The Washington PostDemocracy Dies in Darkness

Unions can help beyond their membership. César Chávez proved it.

Legendary labor leader blazed a trail connecting working conditions, environmental damage and consumer choices

A bust of César Chávez in the Oval Office. (Bill O'Leary/The Washington Post)
7 min

Last month, 3M, the conglomerate behind products like Post-it notes and Scotch tape, announced that it will stop using PFAS (polyfluoroalkyl substances), or “forever chemicals,” by late 2025. 3M joined many other companies and government agencies as diverse as McDonald’s, Target and the Environmental Protection Agency in phasing out PFAS and other chemicals like chlorpyrifos, asbestos and methyl iodide that endanger the environment and public health.

These decisions owe much to shareholder and public pressure — activism that follows the path blazed by the legendary Chicano activist and organizer César Chávez.

For much of the 20th century, “merchants of doubt” exploited the uncertainty inherent in science to undermine policies to fight climate change, tobacco poisoning and prescription drug addiction, among other health and environmental risks. Just this month, Americans read how Exxon scientists fueled public doubts about the connection between fossil fuels and climate change, even while they knew that their products definitively warmed the climate. (Exxon told the New York Times that “those who talk about how ‘Exxon Knew’ are wrong in their conclusions.”)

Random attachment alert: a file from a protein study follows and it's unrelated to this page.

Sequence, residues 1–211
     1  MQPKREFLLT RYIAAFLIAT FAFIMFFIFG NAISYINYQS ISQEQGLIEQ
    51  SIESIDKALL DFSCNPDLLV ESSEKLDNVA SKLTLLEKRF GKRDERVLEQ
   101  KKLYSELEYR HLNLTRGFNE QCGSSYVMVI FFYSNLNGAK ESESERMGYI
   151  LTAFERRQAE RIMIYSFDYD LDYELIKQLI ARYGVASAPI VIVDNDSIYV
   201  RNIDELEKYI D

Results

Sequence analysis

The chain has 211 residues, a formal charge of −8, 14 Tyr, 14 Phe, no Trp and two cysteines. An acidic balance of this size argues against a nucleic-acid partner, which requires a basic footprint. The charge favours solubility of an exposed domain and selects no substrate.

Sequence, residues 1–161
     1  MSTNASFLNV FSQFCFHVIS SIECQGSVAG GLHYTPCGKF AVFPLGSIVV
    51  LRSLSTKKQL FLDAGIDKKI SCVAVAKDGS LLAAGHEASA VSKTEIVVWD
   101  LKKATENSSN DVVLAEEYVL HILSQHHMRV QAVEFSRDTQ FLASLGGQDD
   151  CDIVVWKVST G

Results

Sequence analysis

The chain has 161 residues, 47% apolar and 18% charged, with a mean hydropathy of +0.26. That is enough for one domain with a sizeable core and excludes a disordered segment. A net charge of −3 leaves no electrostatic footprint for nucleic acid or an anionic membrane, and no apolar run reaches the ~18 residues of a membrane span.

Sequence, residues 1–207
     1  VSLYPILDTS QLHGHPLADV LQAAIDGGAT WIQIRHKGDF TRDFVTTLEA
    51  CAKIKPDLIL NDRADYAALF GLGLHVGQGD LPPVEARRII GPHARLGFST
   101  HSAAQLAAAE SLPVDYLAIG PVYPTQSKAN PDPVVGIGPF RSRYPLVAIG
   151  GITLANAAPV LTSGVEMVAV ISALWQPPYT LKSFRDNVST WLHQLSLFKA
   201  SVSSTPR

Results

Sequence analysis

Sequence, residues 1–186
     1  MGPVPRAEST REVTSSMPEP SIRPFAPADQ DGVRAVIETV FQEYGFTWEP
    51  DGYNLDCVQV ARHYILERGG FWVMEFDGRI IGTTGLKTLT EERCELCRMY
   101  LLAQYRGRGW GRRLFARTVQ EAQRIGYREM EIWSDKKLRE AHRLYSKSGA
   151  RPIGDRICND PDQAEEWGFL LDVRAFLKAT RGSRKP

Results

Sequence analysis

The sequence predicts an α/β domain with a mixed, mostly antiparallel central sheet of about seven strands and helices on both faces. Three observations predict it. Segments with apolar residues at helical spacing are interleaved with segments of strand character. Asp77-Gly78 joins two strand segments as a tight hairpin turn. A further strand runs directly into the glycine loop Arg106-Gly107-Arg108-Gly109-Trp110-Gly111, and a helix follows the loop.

Sometimes these industries even worked together. Historian Elena Conis has unmasked how pesticide companies fostered public doubts about their products’ dangers — sometimes even with support from Big Tobacco, whose executives hoped that a resurgence of the DDT pesticide in the 1990s would reinforce their own story about regulatory overreach.

But Chávez and the United Farm Workers union he led recognized in the 1960s what was happening — long before most other Americans did. They started blowing the whistle on how the chemical industry and agribusiness manipulated the idea of scientific uncertainty to continue selling pesticides they knew were dangerous. The UFW’s crusade against toxins like DDT — its 1972 ban was a milestone in U.S. agriculture that marked the beginning of a decade of bans — revealed how activists could triumph over big business and make American life safer.

In 1962, when Chávez and his allies began organizing farmworkers, chemical companies deceptively asserted that their pesticides could be used safely, so long as they weren’t applied beyond the recommended dosage. But farmworkers’ own experiences helped them realize that these claims were specious.